Carried out in August to November, the study involved 773 women working in 45 factories at Kawasan Berikat Nusantara (KBN) industrial complex in Cakung, North Jakarta. These women work in factories that supply clothing for world-renowned brands, such as GAP, Express, Zara, and Basic.
A total of 118 women polled were or have been pregnant in the last three years, and half of them said they felt insecure about their jobs and their pregnancy. Their concerns range from harsh working conditions, fear of losing their jobs, to the lack of facilities available for pregnant or breastfeeding women.
“We heard so many stories from the workers when we interacted with them,” said Vivi Widyawati, Perempuan Mahardhika’s research coordinator. “These numbers back up their stories on what lives were like at the garment factories.”
The research team consisted of 16 women who used to be workers at garment factories so that they could communicate better with the respondents. The respondents were given questionnaires, followed by in-depth interviews to get the details of the workers’ experiences. Researcher Sapta Widi said his team had interviewed each respondent for up to five hours on at least two separate occasions.
The study found that some women had to conceal their pregnancies, fearing their contracts would not be renewed. Half of the women surveyed were on short-term contracts.
“When their contact is about to end, they fear losing their job, so they hide their pregnancy,” said Vivi.
When it comes to production, factory managements also do not take pregnancies into consideration.
“If the workers don’t meet their production targets, they are forced to work overtime without pay,” said Mutiara Ika Pratiwi, the national secretary of Perempuan Mahardhika. “No concessions are made for the pregnant women.”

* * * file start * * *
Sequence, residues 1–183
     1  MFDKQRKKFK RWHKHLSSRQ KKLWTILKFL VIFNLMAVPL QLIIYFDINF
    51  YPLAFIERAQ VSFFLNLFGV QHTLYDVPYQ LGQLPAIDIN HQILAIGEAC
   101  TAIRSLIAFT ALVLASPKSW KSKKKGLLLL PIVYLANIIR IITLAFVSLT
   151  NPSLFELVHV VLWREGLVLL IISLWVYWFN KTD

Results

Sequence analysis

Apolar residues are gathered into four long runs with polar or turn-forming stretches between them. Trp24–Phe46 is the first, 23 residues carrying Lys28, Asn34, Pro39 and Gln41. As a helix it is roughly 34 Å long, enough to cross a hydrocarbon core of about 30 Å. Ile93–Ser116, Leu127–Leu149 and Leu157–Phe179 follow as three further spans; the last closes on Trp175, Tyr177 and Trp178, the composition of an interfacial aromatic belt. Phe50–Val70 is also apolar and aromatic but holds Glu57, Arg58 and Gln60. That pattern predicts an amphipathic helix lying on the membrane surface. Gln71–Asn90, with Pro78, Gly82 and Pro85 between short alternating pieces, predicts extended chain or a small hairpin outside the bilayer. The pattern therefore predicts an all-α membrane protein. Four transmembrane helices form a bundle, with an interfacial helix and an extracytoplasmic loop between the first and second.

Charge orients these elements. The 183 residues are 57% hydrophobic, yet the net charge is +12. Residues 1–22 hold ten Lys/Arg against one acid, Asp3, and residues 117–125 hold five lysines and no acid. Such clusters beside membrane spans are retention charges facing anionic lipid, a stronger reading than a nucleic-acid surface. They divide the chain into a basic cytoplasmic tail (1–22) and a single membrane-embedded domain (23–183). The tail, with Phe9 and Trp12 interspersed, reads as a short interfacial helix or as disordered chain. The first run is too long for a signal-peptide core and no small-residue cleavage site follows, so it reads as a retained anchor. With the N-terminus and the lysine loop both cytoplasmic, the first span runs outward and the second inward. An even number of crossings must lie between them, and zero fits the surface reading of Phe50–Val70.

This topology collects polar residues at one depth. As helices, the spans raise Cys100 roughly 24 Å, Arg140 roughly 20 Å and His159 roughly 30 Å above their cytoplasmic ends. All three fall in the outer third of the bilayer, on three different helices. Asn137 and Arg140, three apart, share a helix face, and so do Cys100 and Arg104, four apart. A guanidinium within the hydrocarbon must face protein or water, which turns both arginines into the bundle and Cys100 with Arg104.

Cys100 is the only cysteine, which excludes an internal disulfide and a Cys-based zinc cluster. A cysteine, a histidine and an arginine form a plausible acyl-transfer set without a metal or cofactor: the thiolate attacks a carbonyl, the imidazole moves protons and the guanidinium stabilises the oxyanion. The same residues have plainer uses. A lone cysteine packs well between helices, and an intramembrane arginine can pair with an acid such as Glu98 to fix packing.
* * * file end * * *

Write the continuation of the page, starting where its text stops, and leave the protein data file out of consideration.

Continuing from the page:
For example, in 25 minutes, the average women workers have to finish 25 shirt pockets. The workload also consists of 40 collars in 25 minutes, 20 pairs of sleeves for 20 minutes or 300 embroidery logos per hour.
The women were not able to rest because there were no chairs, and toilets were hard to access. She said that the women workers in the helper section had to work for eight hours without sitting to clean the yarn and help tailors prepare many materials or equipment. Amidst this tough condition, seven of the women workers experienced miscarriage.
After giving birth, their job is further jeopardized.
“Sixteen out of the 86 respondents did not receive any paid maternity leave,” Ika said, adding nine of them were forced to sign new contracts while the remaining seven lost their jobs.
Based on the study’s results, Perempuan Mahardhika gave a series of recommendations for the government, companies and labor unions. Ika said the organization hoped to hold a social dialog with all the stakeholders early next year.
Jumisih, the Chair of Federasi Buruh Lintas Pabrik (FBLP), said the government needed to be more active in enforcing the existing law.
“The 2003 Employment Law is actually very comprehensive, but we need strict and regular supervision by the Manpower Ministry,” said Jumisih.
Last May, a documentary film titled Angka Jadi Suara, exposed the sexual breakdown that often afflicted women workers in the area. In the doco, at least 25 women workers from 15 factories at KBN Cakung claimed to have been sexually harassed.
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